Off the record

Flying fast and furious

Once that became evident, a top Boeing executive simply switched over to a new job. But the battle-hardened US military-industry lobby was not ready to give up so easily.

A plan was devised with active involvement of top Indian foreign service officials. The idea was to bring more pressure on defence minister A K Antony through the US government by organising an Indo-US strategic meeting, which could be used as the cover for the official lobbying.

However, Antony saw through the game plan and conveyed his displeasure strongly to the officials in the ministry of external affairs. The effect of the drubbing from the calm and sombre Antony was such that the top MEA officials had to rush to the South Block the very next day to appease him.

The diminutive defence minister, however, not only made it absolutely clear to the MEA officials that he is the boss, but he also has enough intelligence to see through the smoke screen. A red-faced MEA had to retreat.

Kalyan Ray,
New Delhi


Unexpected rescuer

Facing attacks from his political rivals on the issue of the errors on India’s ‘most wanted’ list, home minister P Chidambaram has chosen a different course now. He has dismissed the very necessity of exchanging lists between India and Pakistan.

He says the exercise is futile because for the past seven to eight years the names of India’s most wanted criminals or terrorists were being given to Pakistan only to be ignored. He now informs how Pakistan gives names of its own most wanted — those creating trouble in Baluchistan and other parts of that country.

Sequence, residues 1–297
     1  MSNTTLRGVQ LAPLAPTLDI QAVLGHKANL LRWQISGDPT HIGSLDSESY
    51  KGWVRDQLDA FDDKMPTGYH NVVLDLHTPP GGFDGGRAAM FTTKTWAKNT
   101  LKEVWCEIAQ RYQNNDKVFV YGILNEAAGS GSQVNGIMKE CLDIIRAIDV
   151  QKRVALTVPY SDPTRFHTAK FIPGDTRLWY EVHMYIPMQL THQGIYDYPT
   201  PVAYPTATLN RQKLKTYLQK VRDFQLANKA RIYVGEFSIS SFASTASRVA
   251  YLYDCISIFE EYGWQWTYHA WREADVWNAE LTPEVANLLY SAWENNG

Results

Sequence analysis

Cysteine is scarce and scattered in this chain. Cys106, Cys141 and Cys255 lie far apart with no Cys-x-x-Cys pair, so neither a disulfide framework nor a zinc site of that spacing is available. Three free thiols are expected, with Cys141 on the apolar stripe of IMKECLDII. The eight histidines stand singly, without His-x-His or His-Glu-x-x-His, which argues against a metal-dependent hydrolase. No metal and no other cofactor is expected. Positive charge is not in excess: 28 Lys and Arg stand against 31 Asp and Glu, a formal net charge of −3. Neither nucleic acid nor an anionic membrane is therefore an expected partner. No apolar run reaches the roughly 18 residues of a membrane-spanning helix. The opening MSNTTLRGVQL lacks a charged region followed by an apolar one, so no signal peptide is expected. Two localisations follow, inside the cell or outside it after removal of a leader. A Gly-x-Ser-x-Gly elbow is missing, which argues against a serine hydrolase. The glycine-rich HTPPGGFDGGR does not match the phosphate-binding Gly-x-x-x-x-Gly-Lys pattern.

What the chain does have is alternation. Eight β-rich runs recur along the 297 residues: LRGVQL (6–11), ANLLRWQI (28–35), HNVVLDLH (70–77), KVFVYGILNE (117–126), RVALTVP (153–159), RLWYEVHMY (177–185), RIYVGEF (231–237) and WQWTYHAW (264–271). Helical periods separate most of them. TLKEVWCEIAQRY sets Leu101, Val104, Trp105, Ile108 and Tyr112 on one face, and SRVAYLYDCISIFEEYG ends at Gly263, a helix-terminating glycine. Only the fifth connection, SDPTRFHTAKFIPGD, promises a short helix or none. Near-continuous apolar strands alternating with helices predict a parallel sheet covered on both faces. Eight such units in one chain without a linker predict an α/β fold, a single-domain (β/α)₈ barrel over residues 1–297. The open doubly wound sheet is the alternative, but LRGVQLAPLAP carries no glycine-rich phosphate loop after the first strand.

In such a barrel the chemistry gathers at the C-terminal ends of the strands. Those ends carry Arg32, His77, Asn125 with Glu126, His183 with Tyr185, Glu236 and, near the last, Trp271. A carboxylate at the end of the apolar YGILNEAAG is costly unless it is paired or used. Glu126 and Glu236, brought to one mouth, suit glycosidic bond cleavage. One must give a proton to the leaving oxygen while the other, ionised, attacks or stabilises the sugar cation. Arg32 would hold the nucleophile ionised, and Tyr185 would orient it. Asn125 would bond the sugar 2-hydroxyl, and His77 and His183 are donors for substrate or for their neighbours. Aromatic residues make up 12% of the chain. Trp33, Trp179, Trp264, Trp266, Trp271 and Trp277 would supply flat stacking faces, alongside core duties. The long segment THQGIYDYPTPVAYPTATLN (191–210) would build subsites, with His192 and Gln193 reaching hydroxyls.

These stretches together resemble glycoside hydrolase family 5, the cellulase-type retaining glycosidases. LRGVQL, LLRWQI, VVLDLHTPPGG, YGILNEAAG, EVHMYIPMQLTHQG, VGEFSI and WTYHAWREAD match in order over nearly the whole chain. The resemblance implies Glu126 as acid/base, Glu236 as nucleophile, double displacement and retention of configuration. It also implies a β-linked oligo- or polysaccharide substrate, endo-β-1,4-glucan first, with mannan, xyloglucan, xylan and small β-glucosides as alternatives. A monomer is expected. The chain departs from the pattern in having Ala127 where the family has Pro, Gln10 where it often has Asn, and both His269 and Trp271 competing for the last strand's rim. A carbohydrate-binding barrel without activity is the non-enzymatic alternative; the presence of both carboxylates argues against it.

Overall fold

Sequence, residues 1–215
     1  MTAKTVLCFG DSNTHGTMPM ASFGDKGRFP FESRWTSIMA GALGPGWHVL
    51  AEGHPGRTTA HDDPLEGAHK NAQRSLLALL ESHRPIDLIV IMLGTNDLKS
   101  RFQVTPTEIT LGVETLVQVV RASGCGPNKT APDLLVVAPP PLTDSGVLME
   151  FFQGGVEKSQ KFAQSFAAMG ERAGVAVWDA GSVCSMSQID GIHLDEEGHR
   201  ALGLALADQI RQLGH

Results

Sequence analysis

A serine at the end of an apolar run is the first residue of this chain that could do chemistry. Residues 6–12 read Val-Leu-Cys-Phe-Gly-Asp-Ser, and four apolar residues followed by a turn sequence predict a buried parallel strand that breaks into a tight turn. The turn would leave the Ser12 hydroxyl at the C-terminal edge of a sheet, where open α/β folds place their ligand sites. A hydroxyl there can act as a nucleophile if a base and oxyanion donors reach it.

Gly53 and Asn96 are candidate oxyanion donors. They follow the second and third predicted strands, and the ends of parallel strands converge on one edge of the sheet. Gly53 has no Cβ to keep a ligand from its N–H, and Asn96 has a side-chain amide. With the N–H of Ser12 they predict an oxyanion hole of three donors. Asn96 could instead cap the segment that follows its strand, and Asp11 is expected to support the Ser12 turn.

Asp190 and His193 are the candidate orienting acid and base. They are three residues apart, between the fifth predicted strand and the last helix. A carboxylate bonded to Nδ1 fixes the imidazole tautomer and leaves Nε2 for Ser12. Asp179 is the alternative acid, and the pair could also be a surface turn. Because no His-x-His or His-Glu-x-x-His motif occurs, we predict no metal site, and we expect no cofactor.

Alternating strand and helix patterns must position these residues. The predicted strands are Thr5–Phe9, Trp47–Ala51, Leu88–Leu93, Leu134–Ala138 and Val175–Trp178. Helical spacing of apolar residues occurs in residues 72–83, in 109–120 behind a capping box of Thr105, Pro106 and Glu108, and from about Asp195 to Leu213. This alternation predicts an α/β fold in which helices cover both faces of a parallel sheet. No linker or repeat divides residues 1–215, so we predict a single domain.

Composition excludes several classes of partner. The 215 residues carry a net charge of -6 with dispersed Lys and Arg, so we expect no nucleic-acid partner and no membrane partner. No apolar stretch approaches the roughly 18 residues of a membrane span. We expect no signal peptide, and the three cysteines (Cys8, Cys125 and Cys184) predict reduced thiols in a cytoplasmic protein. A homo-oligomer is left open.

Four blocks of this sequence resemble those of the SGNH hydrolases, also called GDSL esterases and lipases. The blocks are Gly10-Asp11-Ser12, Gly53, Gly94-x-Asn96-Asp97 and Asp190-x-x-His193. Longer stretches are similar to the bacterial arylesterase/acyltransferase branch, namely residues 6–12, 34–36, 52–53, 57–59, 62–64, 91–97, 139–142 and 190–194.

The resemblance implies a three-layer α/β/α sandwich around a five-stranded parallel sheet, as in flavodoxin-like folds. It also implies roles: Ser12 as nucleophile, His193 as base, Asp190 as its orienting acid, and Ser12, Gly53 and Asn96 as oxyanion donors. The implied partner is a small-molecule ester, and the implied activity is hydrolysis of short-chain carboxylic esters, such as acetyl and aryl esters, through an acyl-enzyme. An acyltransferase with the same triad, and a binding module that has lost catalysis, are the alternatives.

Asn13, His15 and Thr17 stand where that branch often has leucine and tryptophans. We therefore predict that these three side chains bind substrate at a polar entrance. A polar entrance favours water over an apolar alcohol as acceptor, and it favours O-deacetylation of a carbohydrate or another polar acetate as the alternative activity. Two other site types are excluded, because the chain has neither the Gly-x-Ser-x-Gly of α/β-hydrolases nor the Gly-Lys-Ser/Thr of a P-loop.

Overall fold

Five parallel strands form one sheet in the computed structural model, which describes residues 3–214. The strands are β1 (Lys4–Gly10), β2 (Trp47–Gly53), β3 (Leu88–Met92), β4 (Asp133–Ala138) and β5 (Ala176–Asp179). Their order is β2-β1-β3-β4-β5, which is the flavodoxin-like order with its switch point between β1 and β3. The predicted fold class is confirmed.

“We do not have any option other than to reject them,” Chidambaram says. So, the home minister feels that the blunders by Indian agencies will not affect Indo-Pak relationship, and that his counter part in Pakistan has proven him right.

Pakistan interior minister Rehman Malik has said that the errors should not be made a ‘big issue’. Malik’s dismissal of the issue has certainly disappointed Chidambaram’s rivals.

He might have not anticipated such sensibility from his counterpart, so the home minister must thank his unexpected rescuer!

Anil Sinha,
New Delhi


Tribute to Tagore

After Abhishek Bachchan, Rohan Sippy, Rana Daggubatti (of ‘Dum Maro Dum’), and singer Abhijeet, it was Shubhash Ghai to descend here in the last fortnight. But what was the ace producer-director, who gave hits like ‘Kalicharan’, ‘Karma’, ‘Saudagar’, ‘Ram Lakhan’ and ‘Taal’ doing in a place like Patna?

Actually, Ghai has turned Rabindranath Tagore’s classic ‘Nauka Dubi’ into a feature film as a tribute to Kabiguru on his 150th birth anniversary. He was here during the release of the Bengali version of the movie.

“I love Tagore’s stories and wanted to dedicate my creativity to the great poet on the occasion,” said the film-maker. “I planned the movie in Bengali and asked Rituparno Ghosh to direct it. But when Gulzar watched the film, he said it was a piece of art, and that the Hindi audience should not be deprived of it. It was then that I dubbed the movie in Hindi and requested him to write the songs in Hindi to fit Rabindra Sangeet,” said Ghai, and added that the Hindi version of the movie ‘Kashmakash’ will be released next week.
The show, as they say, must go on.

Abhay Kumar,
Patna

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